Empty shopfronts house local art
By Micaela Togher
New artwork is being displayed on empty shopfronts in the CBD under a City of Melbourne initiative to display works by local artists on temporarily vacant spaces.
Oslo Davis’s piece Swimming Through the City (pictured below) can now be seen at 231 Bourke St, as well as various other locations in the CBD.
In January 2021, the City of Melbourne learned that 13 per cent of street-facing shopfronts in the municipality were vacant, with a further 13 per cent closed due to COVID-19.
Vinyl artworks by Victorian artists currently feature on 23 vacant shopfronts with an additional 22 to be installed over the next two months.
Lord Mayor Sally Capp believes the empty storefronts to be a “visible reminder” of the disproportionate impact of COVID-19 on the economy of Melbourne.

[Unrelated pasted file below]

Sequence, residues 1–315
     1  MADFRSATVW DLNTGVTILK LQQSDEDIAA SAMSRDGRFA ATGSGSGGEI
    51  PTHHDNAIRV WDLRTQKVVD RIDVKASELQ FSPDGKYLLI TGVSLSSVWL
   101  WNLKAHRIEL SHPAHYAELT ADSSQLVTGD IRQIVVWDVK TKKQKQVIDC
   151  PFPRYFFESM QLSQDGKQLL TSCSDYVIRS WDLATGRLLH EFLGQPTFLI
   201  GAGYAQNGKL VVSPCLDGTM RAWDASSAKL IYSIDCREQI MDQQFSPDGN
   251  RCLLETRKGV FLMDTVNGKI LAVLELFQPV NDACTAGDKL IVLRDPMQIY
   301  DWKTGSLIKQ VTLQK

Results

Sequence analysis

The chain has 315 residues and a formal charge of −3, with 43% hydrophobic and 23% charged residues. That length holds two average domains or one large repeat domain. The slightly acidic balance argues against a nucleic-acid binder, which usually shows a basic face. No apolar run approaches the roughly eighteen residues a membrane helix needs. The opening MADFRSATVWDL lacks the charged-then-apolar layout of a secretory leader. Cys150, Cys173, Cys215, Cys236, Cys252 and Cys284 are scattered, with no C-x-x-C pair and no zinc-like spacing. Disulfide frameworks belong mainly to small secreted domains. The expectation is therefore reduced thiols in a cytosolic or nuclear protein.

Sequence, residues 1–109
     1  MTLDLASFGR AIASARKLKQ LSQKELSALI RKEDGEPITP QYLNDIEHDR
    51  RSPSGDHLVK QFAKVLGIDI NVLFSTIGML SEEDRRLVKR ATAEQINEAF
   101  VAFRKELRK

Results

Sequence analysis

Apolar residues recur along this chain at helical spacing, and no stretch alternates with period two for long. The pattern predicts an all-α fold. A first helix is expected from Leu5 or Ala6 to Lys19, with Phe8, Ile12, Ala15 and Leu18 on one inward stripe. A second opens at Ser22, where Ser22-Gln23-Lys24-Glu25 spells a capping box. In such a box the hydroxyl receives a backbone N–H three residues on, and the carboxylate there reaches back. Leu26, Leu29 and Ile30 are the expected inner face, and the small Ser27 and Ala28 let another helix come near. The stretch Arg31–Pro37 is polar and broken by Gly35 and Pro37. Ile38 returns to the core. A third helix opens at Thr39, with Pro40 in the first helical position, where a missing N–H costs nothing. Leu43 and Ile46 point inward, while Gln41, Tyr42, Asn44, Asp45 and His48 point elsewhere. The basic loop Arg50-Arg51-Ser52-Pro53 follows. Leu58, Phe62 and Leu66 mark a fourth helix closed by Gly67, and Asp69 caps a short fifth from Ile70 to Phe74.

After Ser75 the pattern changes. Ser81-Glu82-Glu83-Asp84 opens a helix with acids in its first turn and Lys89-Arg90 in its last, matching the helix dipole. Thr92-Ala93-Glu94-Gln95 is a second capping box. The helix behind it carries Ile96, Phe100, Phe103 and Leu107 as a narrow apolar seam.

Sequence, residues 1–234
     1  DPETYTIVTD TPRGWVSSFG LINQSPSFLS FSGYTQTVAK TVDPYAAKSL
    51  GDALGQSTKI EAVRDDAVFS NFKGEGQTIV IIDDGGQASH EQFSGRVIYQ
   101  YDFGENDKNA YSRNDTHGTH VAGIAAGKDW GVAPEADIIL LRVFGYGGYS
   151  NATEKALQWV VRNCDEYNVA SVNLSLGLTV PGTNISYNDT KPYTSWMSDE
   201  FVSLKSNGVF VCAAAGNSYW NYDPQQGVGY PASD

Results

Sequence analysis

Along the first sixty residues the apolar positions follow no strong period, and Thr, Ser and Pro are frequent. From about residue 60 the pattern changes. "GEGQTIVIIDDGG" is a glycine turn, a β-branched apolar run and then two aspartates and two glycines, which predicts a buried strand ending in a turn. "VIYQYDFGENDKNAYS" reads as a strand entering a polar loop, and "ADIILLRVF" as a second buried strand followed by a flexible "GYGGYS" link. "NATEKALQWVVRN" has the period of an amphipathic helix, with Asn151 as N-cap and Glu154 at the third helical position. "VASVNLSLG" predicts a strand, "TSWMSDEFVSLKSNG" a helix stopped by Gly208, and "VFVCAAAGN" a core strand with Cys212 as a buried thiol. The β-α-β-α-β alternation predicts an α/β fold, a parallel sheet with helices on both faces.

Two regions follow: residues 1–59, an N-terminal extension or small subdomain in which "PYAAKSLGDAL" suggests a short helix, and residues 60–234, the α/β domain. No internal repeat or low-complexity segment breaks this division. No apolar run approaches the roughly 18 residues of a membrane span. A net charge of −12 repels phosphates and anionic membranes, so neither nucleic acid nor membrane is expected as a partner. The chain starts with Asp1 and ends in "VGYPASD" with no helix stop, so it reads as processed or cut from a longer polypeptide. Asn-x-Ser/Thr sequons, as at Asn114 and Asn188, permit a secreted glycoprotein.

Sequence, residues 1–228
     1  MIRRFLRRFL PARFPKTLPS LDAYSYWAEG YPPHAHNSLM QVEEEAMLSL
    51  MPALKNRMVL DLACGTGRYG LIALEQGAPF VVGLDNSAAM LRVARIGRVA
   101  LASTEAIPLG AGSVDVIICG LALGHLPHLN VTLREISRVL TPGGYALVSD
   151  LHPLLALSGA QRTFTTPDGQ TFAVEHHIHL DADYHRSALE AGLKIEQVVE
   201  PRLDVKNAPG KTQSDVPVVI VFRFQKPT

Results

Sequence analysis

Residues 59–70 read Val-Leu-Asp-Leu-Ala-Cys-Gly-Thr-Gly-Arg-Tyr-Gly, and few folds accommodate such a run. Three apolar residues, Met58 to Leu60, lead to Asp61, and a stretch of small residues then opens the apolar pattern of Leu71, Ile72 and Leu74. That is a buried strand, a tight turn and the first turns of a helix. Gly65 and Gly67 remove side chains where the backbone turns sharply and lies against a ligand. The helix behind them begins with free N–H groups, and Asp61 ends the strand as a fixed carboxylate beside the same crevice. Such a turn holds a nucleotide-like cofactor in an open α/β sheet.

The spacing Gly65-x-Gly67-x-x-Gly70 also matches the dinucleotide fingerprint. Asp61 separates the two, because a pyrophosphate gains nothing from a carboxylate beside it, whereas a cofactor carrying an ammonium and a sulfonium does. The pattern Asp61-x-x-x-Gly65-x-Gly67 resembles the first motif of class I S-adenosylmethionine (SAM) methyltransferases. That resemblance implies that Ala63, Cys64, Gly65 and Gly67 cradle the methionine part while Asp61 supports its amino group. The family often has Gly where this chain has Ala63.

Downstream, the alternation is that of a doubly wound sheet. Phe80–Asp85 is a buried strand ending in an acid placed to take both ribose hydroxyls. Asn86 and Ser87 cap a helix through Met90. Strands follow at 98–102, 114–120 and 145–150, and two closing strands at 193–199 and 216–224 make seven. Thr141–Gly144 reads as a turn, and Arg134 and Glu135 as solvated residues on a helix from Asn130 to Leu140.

“We are investing in these creative programs as a short-term measure to ensure our streets remain appealing and continue to encourage people in our inner-city areas,” the Lord Mayor said.
It is hoped the initiative will encourage businesses to re-invest and revive the City of Melbourne’s economy. Artworks are being installed across a variety of locations including Bourke St, Elizabeth St and Niagara Lane in the CBD.
The City of Melbourne is also working with precinct associations, businesses and commercial real estate industries to create opportunities for start-ups, local creative and not-for-profits to make use of the temporarily vacant spaces.
Cr Roshena Campbell said the council was doing everything it could to support those businesses struggling due to the global pandemic.
“We want to convert our vacant shopfronts into open air art galleries. We want visitors to be greeted with a visual feast instead of empty shops,” Cr Campbell said.
The investment is part of the joined $100 million Melbourne City Recovery Fund launched in partnership with the Victorian Government •